and which were curious, since she had no tact, and Caroline had a great

Thus it came to pass, that nightly sittings by each other's bed-room
fire were renewed, and long consultations took place, always at first
about Lionel, but sometimes branching to things in general, even as in
the olden time. Caroline was, however, very unlike what she had been a
year ago, when as Marian full well remembered, they had first talked of
Mr. Faulkner's visit. She was gayer in public, but her spirits were very
low when alone with Marian; and now and then the conversation flagged,
till she sat for full half an hour, her head on her hand, without a
word. At first she would try to excuse such a reverie, by calling
herself very tired; but as days went on, and it recurred, she smiled
as she woke from it, and told Marian "it was such repose to be with a
person who would let her be silent."

There was much confidence in such silence. Marian began to grow even
more sorry for her than at first, because it was impossible to continue
to be angry; and tried in every way to show her kindness, becoming,
unconsciously, much more demonstrative in affection than ever she had
been before. On the day on which Lionel received the letter mentioned
at the end of the last chapter, Caroline came into Marian's room at
dressing-time; and after lingering about a little, she said, "Could
Lionel read that letter to day?"

Marian shook her head sadly.

"He brought it to you, then?" sighed Caroline, "Ah! I saw who it came

She looked wistfully at Marian, as if longing to hear something of the
letter, though she would not ask; and Marian, though much touched, was
determined against saying one word about it, however indifferent, as
she felt that, without Lionel's consent, she ought to be as mute as the
paper it was written upon. Caroline paused, then continued, "Do you
think he will ask you to write his answer for him?"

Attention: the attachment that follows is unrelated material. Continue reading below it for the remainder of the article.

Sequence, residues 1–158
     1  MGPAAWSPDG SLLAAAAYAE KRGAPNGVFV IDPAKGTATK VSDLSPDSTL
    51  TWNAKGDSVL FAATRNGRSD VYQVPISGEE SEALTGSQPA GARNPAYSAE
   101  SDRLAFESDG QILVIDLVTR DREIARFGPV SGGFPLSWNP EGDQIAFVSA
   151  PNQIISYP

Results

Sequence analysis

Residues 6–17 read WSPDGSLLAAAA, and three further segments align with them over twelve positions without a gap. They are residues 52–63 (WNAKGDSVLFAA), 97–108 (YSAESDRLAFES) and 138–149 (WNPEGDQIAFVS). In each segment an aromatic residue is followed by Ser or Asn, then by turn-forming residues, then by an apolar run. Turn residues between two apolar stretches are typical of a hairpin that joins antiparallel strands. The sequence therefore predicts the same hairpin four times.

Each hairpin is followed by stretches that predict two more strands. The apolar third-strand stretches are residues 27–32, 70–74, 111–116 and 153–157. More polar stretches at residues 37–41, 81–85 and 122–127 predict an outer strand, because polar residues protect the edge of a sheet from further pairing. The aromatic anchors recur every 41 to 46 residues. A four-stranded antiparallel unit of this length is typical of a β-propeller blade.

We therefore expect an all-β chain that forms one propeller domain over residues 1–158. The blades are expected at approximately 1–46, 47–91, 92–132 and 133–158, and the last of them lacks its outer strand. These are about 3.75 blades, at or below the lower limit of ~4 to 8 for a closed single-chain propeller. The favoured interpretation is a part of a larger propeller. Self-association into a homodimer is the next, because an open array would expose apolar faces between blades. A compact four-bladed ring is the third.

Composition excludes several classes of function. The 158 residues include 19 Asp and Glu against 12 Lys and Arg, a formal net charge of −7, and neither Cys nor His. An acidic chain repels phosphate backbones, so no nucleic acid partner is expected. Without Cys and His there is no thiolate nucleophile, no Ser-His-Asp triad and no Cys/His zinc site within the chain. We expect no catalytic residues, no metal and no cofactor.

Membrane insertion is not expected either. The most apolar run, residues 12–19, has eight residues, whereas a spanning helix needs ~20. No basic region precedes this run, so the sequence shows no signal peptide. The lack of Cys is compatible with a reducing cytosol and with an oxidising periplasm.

"No, I think not. You know he wrote a note to Gerald in one of my
letters the other day. I dare say he will always be able to write; Mrs.
Wortley has a blind friend who does."

Caroline did not answer, but gazed at the fire for almost ten minutes.
At last she said, "Poor Walter! I wonder what he is doing."

"I am sure he must be making himself very useful," said Marian.

"That is one thing we may be sure of," said Caroline, smiling
mournfully. "Walter is excellent wherever he is; but O, Marian,"
continued she, in a voice of inexpressible sadness, "who would have told
me, a year ago, that all I should hear of Walter's ordination would be
in the newspaper?"

Marian could make no answer but some sound expressive of sorrow.

"He has only written to me once since--since June!" proceeded Caroline,
in the same utterly dejected tone.

Then Walter had remonstrated, which was a great comfort to Marian, by
restoring him to his place in her estimation. Still she maintained her
expressive silence, and Caroline went on after another interval. "You
and he have been consistent from the first, Marian."

At that moment Fanny came in, and no more could be said, for Marian
was obliged to dress for dinner in a hurry. She took an opportunity of
saying to Lionel that evening, something about the pleasure it would
give Caroline if he would tell her about his letter.

"What! you have been telling her about it?" said he, in a tone of great
vexation; "that is always the way with women--no trusting them!"

"No, indeed, Lionel, I said not one word; but she saw it was Walter's

"And you went and told her I could not read it?"

"If she asked me, what could I do but speak the truth?" said Marian
gently; but he only made an impatient exclamation.

"I gave not the least hint of what it was about," added Marian,
pleadingly. "Of course I could not think of that, nor she either; but
she looked as if she did so long for some news of Walter: she has not
heard from him since the summer."

"That is her own fault," said Lionel, in his surly voice.

"That only makes it the worse for her. She is so much out of spirits,
Lionel; and if you would only tell her that part about his schools and
his lodging, I am sure she would be so much obliged to you."

"I shan't do any such thing," was his reply; "I always keep my letters
to myself, and I wish you would not talk about me."

He turned sharply away, and crossed the room; but his temper was not
improved by the consequences of his stumbling over a footstool which had
been left full in the way, and in rather a dark place, where it would